Aperture is the size of the lens opening through which light travels to hit the sensor. It is the ratio of the lens’s focal length to the diameter of the lens’s opening. Aperture is represented by an f number, and the standard full stop f number scale would be something like: f/1, f/1.4, f/2, f/2.8, f/4, f/5.6, f/8, f/11, f/16, f/22, f/32. There’s an inverse relationship between f numbers and the size of the lens opening. So larger f numbers mean a smaller lens opening, and subsequently smaller f numbers mean a larger lens opening. Lenses with large apertures (small f number) are said to be fast lenses because in photography these apertures allow the photographer to use faster shutter speeds.
Aperture and Light
Obviously the larger the hole in the lens, the more light is able to reach the camera’s sensor. Consequently, the larger the aperture the better it is in low light situations.
If you’re in a dark room, one way to get a brighter exposure is to open up the aperture (lower the f number) to allow more light in.
Sunny 16 rule
You may hear of the sunny 16 rule which is a general guideline that says use a f/16 aperture to get a good exposure when it’s sunny.
Looney 11 rule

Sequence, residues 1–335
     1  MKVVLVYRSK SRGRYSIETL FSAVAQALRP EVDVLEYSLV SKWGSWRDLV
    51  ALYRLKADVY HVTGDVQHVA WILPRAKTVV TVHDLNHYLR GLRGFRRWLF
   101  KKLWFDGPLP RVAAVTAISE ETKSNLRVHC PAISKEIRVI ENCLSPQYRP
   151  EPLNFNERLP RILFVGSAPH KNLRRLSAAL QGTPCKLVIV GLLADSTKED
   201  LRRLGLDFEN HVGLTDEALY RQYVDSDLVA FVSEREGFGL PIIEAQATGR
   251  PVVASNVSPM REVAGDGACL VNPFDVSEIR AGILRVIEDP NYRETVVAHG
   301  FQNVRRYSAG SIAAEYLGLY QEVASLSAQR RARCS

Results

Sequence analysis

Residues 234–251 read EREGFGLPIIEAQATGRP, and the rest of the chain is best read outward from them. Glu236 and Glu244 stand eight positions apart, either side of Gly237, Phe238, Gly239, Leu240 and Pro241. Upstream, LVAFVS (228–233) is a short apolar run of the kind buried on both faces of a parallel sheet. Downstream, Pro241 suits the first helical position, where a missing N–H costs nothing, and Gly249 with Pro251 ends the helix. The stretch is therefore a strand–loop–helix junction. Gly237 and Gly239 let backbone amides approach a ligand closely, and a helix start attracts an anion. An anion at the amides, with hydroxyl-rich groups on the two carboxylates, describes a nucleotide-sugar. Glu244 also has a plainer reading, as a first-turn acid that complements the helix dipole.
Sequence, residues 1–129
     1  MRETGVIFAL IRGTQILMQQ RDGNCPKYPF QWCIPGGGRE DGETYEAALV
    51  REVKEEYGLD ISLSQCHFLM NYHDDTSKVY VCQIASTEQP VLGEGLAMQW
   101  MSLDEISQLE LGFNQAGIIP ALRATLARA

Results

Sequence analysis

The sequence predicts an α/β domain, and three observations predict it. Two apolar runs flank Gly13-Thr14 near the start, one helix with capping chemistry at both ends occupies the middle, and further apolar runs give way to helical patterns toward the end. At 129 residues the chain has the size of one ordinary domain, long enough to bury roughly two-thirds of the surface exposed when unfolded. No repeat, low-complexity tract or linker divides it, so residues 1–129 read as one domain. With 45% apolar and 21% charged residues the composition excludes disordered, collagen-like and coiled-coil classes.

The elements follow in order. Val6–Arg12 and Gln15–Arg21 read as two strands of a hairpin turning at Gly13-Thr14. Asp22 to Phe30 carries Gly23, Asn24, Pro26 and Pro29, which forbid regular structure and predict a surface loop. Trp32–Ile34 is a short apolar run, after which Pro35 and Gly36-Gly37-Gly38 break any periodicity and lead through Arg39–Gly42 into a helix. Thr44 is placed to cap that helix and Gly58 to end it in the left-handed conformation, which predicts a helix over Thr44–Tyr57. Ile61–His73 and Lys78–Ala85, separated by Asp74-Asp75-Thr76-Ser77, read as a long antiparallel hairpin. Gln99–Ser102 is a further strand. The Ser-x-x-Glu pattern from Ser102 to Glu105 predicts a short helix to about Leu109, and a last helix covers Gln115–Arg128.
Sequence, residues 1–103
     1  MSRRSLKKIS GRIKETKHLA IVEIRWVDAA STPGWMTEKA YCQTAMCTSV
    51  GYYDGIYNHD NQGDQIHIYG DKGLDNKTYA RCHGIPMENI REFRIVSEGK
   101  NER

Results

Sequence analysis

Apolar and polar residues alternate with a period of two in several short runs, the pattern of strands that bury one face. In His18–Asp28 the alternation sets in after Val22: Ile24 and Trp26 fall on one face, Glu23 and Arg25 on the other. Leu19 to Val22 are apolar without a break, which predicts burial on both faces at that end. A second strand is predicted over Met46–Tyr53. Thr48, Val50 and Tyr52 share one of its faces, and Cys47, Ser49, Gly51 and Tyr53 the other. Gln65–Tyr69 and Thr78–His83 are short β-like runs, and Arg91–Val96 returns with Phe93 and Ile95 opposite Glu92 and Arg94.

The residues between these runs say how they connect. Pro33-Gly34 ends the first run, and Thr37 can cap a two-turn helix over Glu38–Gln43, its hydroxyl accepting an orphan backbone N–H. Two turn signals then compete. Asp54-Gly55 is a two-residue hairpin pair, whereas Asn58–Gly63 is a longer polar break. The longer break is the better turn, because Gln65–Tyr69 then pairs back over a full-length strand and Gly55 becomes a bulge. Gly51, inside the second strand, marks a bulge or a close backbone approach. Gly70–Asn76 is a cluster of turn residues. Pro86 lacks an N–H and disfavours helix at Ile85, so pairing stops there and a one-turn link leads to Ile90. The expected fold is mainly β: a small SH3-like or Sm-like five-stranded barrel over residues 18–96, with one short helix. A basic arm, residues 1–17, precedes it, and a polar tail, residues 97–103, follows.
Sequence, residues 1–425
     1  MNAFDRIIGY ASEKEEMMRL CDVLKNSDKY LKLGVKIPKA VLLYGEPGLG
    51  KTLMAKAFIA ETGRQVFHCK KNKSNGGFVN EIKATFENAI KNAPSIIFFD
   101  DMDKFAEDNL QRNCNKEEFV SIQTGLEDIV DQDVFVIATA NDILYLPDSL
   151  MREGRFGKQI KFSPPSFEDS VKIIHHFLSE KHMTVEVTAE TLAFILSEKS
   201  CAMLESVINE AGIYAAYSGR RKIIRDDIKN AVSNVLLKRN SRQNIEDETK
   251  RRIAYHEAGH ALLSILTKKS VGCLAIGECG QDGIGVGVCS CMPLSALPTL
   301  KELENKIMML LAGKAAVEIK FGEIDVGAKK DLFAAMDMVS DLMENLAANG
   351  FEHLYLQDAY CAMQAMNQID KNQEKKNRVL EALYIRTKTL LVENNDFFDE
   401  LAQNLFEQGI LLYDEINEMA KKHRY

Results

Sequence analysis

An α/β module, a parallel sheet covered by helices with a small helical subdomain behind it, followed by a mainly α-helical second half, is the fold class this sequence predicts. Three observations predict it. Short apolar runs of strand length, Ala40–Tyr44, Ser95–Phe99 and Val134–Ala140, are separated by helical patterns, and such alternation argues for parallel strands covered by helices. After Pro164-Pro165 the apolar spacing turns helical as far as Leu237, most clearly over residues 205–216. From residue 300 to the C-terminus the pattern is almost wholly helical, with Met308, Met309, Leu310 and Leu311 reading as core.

Additionally, there is the looney 11 rule which says to use an aperture of f/11 when doing lunar shots (shots of the moon).
*In photography the Sunny 18 and Looney 11 rules both go on to suggest using a shutter speed that is the reciprocal of the ISO. For example, on a sunny day at aperture f/16 using a 200 ISO, set the shutter speed to 1/200.
Aperture and Depth of Field
Aperture is also important because it affects the depth of field. Remember that depth of field refers to the amount of the scene that is in focus. The larger the aperture the shallower the depth of field, meaning you can have sharp focus on a subject and have the foreground and background blurred. Use a smaller aperture if you want to have more of the background in focus. So remember: larger f number means larger depth of field. Smaller f number means smaller depth of field.
Aperture and Bokeh
Related to having a shallow depth of field is the Japanese term, bokeh, which refers to the effect created when you have an out of focus point of light. Different lenses and apertures create different bokeh effects from circular bokeh to more polygonal shapes. If you have a shallow depth of field you can have your subject in focus while points of light in the background are out of focus and create a bokeh effect. As in the below picture, circular bokeh is produced from the out of focus lights.
Aperture and Sun Stars
Have you ever noticed photos or videos where the sun looks like a star with rays of light shooting out of it? Well now you can create that effect with the sun, or any other light source. All you have to do is close down your aperture. The number of light rays is determined by the number of diaphragm blades on your lens. Because I’m a girl, I have the motherly urge to remind you not to look directly at the sun! Also be wary of leaving your camera pointed at the sun for long periods of time as the lens can act like a magnifying glass and damage your camera.